B.S.K. Naidu delivered the theme lecture for this session. The talk focused on the importance of hydropower. It stated that hydropower is a non-consumptive, non-radioactive, non-polluting use of water resources. After discussing the declining stores of fossil fuels globally, the importance of dams for storage and to generate incidental hydropower is remarked upon. For small hydro to be economically viable, it  is necessary to optimize systems. The lecture advocates a higher proportion of hydropower in India to reduce cost of generation and to reduce peaking shortage. This lecture reiterates that water efficiency and energy efficiency are inter-related. A case is made for including the positive environmental impacts of hydropower generation along with the negative in order to produce a balanced EIA. The development of pumped storage schemes is advocated, as is the need for constant upgrading of designs and plants. 

The following papers were also presented during this session:

  • Managing the wealth and woes of the river Brahmaputra: Rajan Nair
  • Tidal power- Central board of irrigation and power: C.D. Thatte
  • Hydropower scenario of Maharashtra- Present and future: M.D. Pendse, V.C. Shelke, D.S. Kulkarni, S.G. Koli
  • Hydropower projects on bouldery rivers with steep gradient: P.B. Deolalikar

Technical session 4: Water for domestic and industrial use

Asit K. Biswas, in his theme lecture, explains the problems of urban domestic water quality. Lack of access to 24/7 clean drinking water has increased the coping costs for urban households. Statistics often do not report on the quality of supplied water or of sanitation facilities. Reducing unaccounted losses of water will go a long way towards solving urban India's water issues.

The following papers were also presented during this session:

  • Water- a scarce resource for domestic and industrial demand: S.R.Shukla
  • The status of domestic water supply and sanitation in rural India and the future challenges: Arun C. Mudgerikar
  • Rural drinking water sector overview for Maharashtra: Sudhir Thakre
  • Development of ultrafiltration (UF) membrane based technology for drinking water purification: Ulhas K. Kharul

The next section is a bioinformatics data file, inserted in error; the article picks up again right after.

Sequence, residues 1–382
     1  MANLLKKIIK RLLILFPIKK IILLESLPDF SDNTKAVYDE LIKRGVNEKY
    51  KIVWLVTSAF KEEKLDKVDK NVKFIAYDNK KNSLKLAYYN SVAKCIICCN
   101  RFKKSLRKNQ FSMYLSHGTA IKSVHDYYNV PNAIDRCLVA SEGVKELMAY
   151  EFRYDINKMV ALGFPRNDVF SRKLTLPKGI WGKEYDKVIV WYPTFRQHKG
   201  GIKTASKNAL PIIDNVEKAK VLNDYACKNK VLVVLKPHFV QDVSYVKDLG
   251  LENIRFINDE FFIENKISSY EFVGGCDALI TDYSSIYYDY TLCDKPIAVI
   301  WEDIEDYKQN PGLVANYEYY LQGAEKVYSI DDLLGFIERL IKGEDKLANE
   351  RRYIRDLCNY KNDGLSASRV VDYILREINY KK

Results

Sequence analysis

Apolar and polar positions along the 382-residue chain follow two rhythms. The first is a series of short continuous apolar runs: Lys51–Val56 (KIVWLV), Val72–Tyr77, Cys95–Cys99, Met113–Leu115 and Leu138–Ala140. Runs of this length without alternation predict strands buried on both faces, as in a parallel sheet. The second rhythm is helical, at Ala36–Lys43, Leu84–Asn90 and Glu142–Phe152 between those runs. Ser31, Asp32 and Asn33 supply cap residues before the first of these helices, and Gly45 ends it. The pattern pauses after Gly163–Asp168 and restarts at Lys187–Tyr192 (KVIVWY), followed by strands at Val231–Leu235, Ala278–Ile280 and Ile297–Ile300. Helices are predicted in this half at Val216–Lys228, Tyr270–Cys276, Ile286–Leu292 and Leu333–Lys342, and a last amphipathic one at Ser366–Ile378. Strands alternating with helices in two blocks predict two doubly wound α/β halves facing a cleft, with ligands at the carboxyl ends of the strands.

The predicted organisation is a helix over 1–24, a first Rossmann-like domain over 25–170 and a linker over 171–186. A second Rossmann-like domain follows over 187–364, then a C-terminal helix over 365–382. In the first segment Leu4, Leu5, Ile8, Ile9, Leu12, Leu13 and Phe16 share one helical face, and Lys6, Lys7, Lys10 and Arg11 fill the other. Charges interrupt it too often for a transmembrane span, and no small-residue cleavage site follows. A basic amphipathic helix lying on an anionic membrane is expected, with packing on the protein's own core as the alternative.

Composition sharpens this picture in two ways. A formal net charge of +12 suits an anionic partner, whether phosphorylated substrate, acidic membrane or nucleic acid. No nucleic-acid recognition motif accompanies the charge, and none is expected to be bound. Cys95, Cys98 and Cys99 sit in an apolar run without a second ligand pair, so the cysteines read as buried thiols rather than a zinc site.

• Rural adaptation of membrane based water purification systems: Sally T Panicker, P.K. Tiwari
  • Malkapur (Karad) 24X7 water supply scheme- a case study: Rajendra Hollani

Technical session 5: Water for environment

In the theme lecture, Anil D. Mohile examines the concept of deciding environmental requirements. Anthropogenic changes to the water cycle have adversely impacted the ecosystem. It is necessary that water use also take into account the needs of the ecosystem. A negotiated approach between the needs of the ecosystem and of humans needs to be arrived at through tradeoffs rooted in science. While downstream needs form part of the instream water requirements at any given point, the author advocates that only aquatic ecology and river morphology be considered for environmental flow assessment. The definitions and approaches for estimating environmental flows are then described.

The following papers were also presented during this session:

  • From there to here: Deepak Kantawala
  • Environmental flows in rivers of India: R.C. Jha, C.K. Agarwal, Anupam Prasad
  • Rescuing EFR from impractical romanticism: Chetan Pandit
  • Environmental concerns in IWRDM for Maharashtra, India- a case study of Dudhna sub-basin of Godavari basin: S.P. Bagade, D.S. Kulkarni, S.G. Koli, J.P. Mahale
  • Environmental and forest clearances and issues concerning hydropower development in India: Shahid Ali Khan, Anuradha Bajpayee
  • Bioreduction of hexavalent chromium by immobilized P.Chrysosporium: Kaustubha Mohanty

Technical session 6: Research and development initiatives by industries

The following presentations were made during this session:

  • Research and development initiatives in Kirloskar Brothers Limited: J.T. Kshirsagar
  • Adoption of piped distribution networks and micro irrigation systems in canal command areas: S.P. Jadhav
  • Comprehensive India centric solution to water challenge and managing the fast depleting natural resources using triple tools of technology, innovative solutions and adequate policy measures: R.R. Sonde
  • Solution for present water crisis by sewage recycle- C Tech shows the way: Y.V. V. Satyanarayana
Download the convention seminar with the presented papers below: